In the never-ending battle over whether violent video games incite impressionable gamers to commit unspeakable acts – or, at minimum, become obnoxious – hardware-wielding brain boffins have pried into young men's heads and discovered that, yes, digital mayhem alters your brain.
"For the first time," said researcher Dr. Yang Wang of the Indiana University School of Medicine, "we have found that a sample of randomly assigned young adults showed less activation in certain frontal brain regions following a week of playing violent video games at home."
And not just any frontal brain regions. "These brain regions are important for controlling emotion and aggressive behavior," said Wang.
The study – the results of which were presented this week at the the annual meeting of the Radiological Society of North America – involved "22 healthy adult males" between the ages of 18 and 29 who had little past experience with violent video games.
These manly fellows were dived into two equal groups. One was instructed to play a first-person shooter for 10 hours during one week, then leave it alone for a second week; the other abstained from simulated shoot-'em-ups. (Possibly they indulged in a wee bit of Angry Birds or Tiny Wings, but the researchers didn't say.)
Before the two-week period began, each participant underwent a functional magnetic resonance imaging (fMRI) brainscan to establish a baseline. A follow-up fMRI scan was then performed one week into the study, and another at the end of the two-week period.
In a nutshell, an fMRI reveals activity – or lack of it – in specific regions of the brain by detecting oxygen levels in the blood in those regions. Since neuroscientists have been increasingly able to map brain regions to emotional and cognitive functions, an fMRI can detect what's going on inside a subject's noggin.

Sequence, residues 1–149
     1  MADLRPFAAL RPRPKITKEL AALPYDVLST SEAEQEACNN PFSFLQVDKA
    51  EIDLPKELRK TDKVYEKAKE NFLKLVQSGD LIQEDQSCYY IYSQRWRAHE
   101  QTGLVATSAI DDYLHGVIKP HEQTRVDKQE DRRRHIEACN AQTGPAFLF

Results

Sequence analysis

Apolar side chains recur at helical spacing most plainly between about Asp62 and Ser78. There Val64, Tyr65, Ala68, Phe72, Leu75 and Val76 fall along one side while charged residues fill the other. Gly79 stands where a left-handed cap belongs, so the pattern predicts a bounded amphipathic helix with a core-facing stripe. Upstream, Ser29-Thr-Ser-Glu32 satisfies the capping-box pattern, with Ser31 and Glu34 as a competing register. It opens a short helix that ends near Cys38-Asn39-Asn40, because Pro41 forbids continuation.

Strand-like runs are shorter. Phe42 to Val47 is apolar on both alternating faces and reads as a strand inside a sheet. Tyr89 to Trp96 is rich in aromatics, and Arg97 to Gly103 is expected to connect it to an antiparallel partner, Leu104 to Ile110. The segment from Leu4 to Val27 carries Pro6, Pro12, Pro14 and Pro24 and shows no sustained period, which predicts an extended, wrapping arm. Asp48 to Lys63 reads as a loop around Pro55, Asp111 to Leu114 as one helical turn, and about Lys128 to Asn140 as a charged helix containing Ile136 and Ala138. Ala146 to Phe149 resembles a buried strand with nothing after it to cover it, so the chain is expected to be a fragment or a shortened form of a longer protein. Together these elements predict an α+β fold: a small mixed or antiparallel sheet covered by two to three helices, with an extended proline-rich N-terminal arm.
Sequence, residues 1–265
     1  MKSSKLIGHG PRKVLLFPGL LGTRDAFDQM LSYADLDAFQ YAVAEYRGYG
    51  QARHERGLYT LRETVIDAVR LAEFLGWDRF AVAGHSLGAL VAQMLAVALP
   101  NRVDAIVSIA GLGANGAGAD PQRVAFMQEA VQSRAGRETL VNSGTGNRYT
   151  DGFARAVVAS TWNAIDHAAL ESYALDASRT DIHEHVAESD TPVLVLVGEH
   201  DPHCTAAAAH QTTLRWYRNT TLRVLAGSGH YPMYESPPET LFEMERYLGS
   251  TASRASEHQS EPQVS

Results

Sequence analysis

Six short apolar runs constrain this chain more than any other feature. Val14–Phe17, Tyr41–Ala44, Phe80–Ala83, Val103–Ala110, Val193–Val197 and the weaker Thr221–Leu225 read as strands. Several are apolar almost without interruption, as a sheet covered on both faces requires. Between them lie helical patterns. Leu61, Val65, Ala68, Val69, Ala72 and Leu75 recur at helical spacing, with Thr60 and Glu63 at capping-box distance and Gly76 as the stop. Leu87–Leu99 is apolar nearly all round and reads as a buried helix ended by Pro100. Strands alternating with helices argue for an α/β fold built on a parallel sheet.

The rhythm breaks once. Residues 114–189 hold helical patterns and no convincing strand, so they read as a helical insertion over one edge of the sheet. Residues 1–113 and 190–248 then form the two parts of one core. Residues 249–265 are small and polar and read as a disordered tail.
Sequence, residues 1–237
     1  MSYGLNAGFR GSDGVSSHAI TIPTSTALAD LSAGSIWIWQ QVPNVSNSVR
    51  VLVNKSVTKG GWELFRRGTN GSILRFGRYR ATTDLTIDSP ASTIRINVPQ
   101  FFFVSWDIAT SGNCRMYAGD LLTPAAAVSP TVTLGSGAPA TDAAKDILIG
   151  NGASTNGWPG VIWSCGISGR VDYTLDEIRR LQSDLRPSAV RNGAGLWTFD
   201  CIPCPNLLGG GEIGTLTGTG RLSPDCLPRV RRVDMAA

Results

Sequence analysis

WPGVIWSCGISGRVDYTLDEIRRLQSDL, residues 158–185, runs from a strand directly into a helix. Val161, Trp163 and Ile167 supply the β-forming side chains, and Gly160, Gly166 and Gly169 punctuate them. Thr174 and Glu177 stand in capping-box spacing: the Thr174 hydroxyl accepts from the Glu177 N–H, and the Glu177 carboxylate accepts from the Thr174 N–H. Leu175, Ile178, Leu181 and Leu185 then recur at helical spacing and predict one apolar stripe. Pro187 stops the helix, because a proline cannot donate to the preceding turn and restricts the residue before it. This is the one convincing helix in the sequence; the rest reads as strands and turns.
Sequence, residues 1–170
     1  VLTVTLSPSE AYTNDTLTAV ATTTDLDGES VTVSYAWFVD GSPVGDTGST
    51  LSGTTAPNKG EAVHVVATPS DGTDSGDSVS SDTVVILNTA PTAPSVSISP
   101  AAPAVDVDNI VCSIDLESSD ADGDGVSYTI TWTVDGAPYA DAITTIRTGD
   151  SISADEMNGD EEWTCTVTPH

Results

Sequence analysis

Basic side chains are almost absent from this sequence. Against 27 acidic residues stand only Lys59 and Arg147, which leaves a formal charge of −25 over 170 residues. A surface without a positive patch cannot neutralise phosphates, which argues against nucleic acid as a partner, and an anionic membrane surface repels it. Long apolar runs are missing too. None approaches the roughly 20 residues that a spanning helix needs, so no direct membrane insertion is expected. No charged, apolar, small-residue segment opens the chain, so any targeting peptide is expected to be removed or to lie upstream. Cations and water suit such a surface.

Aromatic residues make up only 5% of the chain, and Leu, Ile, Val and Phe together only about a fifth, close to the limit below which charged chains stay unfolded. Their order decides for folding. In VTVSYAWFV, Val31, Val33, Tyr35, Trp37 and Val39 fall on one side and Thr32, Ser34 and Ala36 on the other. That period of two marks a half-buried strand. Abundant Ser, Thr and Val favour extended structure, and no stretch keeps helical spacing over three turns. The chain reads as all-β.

And for defenders of the position that violent video games have no effect on "healthy adult males", what Wang and his team discovered was not good news.
During the fMRI sessions both groups were given an "emotional interference task" designed to detect their response to words describing violent actions, as well as a "cognitive inhibition" task designed to detect, well, inhibited cognition.
After one week of playing violent video games, the first group showed lower activity in their left inferior frontal lobes – associated with empathy – when involved in the emotional task. The fMRI also detected less activity in the game-players' anterior cingulate cortexes – associated with conflict monitoring, error detection, and emotional control – during the cognitive task.
After not playing for the second week, the effects were diminished, but not eliminated entirely.
"These findings indicate that violent video game play has a long-term effect on brain functioning," Wang concluded.
The argument over whether or not violent video games alter your behavior is certain to continue, but the work of Wang and his team add significant support to the argument that they do, indeed, alter your brain. ®